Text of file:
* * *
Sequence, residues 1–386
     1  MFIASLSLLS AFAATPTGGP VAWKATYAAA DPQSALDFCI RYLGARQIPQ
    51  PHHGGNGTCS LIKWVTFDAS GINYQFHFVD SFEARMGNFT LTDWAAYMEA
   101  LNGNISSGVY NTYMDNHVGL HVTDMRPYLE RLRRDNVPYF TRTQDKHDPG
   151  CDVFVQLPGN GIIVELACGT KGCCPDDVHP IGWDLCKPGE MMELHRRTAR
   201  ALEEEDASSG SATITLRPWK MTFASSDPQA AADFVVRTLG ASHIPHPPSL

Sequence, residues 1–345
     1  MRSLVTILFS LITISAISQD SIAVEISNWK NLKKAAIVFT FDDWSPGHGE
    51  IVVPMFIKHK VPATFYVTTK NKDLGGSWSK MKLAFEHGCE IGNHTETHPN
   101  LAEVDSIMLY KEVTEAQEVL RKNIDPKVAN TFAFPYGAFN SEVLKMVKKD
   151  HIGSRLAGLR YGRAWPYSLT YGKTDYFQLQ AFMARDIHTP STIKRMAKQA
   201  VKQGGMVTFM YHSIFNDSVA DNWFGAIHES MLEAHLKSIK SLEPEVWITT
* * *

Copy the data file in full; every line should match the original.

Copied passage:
Sequence, residues 1–386
     1  MFIASLSLLS AFAATPTGGP VAWKATYAAA DPQSALDFCI RYLGARQIPQ
    51  PHHGGNGTCS LIKWVTFDAS GINYQFHFVD SFEARMGNFT LTDWAAYMEA
   101  LNGNISSGVY NTYMDNHVGL HVTDMRPYLE RLRRDNVPYF TRTQDKHDPG
   151  CDVFVQLPGN GIIVELACGT KGCCPDDVHP IGWDLCKPGE MMELHRRTAR
   201  ALEEEDASSG SATITLRPWK MTFASSDPQA AADFVVRTLG ASHIPHPPSL

Sequence, residues 1–345
     1  MRSLVTILFS LITISAISQD SIAVEISNWK NLKKAAIVFT FDDWSPGHGE
    51  IVVPMFIKHK VPATFYVTTK NKDLGGSWSK MKLAFEHGCE IGNHTETHPN
   101  LAEVDSIMLY KEVTEAQEVL RKNIDPKVAN TFAFPYGAFN SEVLKMVKKD
   151  HIGSRLAGLR YGRAWPYSLT YGKTDYFQLQ AFMARDIHTP STIKRMAKQA
   201  VKQGGMVTFM YHSIFNDSVA DNWFGAIHES MLEAHLKSIK SLEPEVWITT